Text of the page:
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Introduction To Financial Accounting Sarath Fall 2013
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Lecture 8: Inventories Chapter 6
As we saw in chapter 5, there are two methods for calculating Cost of Goods Sold: (1) perpetual
where firms make journal entries for goods sold and then add up all journal entries -- if the
ending inventory is lower, an adjusting entry is required; (2) Periodic where (in theory), no
entries are made till the end of the period when a single entry to COGS is made. In practice,
almost all firms track inventory on a specific identification perpetual basis. However for
reporting purposes, they almost always use the periodic method.
Example
A firm starts with $100 of inventory, purchases $200 during the period and has three journal
entries for cost of goods sold that add up to $180. The ending inventory is $100.
1) How much inventory is missing?
2) Journal Entry for missing inventory
FIFO vs. LIFO
FIFO stands for First-in-First out; LIFO for Last-in-First-out. Both types of "inventory
processes" are common in practice.
Example
McDonalds uses both FIFO and LIFO. For example, The French Fries cooked first are sold first -
- new french fries are made only after the old fries have been used up. This is FIFO. At the end
of the evening, McDonald employees fill up the Ketchup bottles so that they will be full for
customers the next day -- what kind of a process is this? How old is the Ketchup at the bottom?
Firms that use LIFO Periodic actually sell units on a FIFO basis but use LIFO for inventory costs
-- you have to understand that (unlike the Ketchup Bottle) only the costs are old not the units.
Example:
Heinz started the month with 1,000 ketchup bottles that cost $1 to manufacture. During the
month they sold all the Ketchup. At the end of the month they made a new batch of 1,000
Ketchup bottles that cost $1.50 to manufacture. Heinz uses LIFO periodic for calculating
COGS.
How many bottles are in end inventory?
What is the value of end inventory?
What is COGS?
How would the answer be different if LIFO perpetual were used?

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Introduction To Financial Accounting Sarath Fall 2013
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Method
Perpetual vs. Periodic
Used for financial
Reporting by:
Specific Identification
No difference
FIFO
No difference
Firms whose prices are
decreasing such as
Weighted Average
Different
Firms whose prices
fluctuate such as
LIFO
Different
Firms whose prices
increase such as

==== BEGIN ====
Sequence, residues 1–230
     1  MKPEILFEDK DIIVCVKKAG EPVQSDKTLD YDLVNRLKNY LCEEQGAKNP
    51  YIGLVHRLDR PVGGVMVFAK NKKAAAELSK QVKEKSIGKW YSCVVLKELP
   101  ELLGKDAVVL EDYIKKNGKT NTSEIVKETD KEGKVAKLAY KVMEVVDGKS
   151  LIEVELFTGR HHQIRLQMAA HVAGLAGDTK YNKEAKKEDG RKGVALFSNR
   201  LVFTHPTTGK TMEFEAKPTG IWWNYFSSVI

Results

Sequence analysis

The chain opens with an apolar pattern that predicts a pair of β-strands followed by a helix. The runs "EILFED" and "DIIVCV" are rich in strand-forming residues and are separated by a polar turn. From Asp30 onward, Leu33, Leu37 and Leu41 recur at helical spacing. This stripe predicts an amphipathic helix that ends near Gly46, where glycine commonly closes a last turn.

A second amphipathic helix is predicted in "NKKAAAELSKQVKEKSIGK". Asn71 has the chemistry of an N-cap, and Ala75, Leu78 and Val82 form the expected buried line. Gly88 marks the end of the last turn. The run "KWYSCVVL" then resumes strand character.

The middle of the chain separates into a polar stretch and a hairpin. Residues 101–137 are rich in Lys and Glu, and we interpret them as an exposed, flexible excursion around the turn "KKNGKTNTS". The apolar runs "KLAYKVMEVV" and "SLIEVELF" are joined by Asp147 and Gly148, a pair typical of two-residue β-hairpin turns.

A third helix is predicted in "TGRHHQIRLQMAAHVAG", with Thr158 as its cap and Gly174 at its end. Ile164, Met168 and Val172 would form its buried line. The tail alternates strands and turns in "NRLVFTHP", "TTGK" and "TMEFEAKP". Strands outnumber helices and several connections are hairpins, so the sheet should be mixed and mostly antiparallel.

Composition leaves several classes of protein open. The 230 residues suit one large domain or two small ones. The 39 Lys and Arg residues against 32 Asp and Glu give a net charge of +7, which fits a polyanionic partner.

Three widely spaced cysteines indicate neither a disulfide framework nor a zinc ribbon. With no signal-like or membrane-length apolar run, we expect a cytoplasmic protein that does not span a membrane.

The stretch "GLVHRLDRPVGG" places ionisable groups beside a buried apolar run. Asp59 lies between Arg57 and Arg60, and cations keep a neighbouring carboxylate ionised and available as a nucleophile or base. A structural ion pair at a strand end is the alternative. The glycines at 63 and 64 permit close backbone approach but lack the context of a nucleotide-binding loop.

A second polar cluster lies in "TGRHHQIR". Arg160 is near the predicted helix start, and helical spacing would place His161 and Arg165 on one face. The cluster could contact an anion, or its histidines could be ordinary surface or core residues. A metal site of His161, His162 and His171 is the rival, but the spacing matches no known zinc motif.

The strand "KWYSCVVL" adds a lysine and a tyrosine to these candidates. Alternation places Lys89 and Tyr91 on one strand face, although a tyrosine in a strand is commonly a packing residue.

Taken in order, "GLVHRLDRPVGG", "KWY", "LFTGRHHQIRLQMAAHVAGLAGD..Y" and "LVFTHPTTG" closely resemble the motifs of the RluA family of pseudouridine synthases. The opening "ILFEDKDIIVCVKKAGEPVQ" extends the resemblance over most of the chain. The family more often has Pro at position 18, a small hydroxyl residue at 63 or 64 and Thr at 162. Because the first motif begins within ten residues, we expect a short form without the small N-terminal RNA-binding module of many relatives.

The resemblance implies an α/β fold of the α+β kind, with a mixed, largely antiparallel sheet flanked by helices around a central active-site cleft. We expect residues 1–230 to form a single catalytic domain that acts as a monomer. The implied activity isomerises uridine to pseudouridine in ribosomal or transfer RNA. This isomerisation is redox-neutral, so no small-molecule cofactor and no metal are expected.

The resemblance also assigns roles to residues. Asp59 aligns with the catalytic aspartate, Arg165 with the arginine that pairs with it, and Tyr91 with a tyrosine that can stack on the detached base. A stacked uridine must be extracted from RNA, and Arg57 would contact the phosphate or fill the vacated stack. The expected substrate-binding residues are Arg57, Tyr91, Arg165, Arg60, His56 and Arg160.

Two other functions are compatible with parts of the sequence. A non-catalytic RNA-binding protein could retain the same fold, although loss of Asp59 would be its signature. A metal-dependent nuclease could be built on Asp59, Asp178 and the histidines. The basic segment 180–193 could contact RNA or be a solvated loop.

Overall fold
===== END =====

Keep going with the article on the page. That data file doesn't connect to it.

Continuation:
Inventories must be reported at lower-of-cost-or market. We have discussed in detail how to
measure cost (e.g. include Freight cost and insurance). The definition of market-value is much
harder. In intermediate accounting, you will learn about different methods for measuring market
value. For now, we will assume market value is given as in the next problem.
E 6-9
Americus Camera Shop uses the lower-of-cost-or-market basis for its inventory. The
following data are available at December 31.
Item
Unit Cost
Market
Cameras:
Minolta
$170
$156
Canon
150
152
Light meters:
Vivitar
125
115
Kodak
120
135
Instructions : Determine the amount of the ending inventory by applying the lower-of-cost-or-
market basis.
Cost
Market
LCM
Minolta
850
780
780
Canon
900
912
900
Vivitar
1500
1380
1380
Kodak
1680
1620
1620
$4680

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Introduction To Financial Accounting Sarath Fall 2013 Lecture 8: Inventories Chapter 6 As we saw in chapter 5, there are two methods for calculating Cost of Goods Sold: (1) perpetual where firms make journal entries for goods sold and then add up all journal entries -- if the ending inventory is lower, an adjusting entry is required; (2) Periodic where (in theory), no entries are made till the end of the period when a single entry to COGS is made. In practice, almost all firms track inventory on a specific identification perpetual basis. However for reporting purposes, they almost always use the periodic method. Example A firm starts with $100 of inventory, purchases $200 during the period and has three journal entries for cost of goods sold that add up to $180. The ending inventory is $100. 1) How much inventory is missing? 2) Journal Entry for missing inventory FIFO vs. LIFO FIFO stands for First-in-First out; LIFO for Last-in-First-out. Both types of "inventory processes" are common in practice. Example McDonalds uses both FIFO and LIFO. For example, The French Fries cooked first are sold first - new french fries are made only after the old fries have been used up. This is F ...
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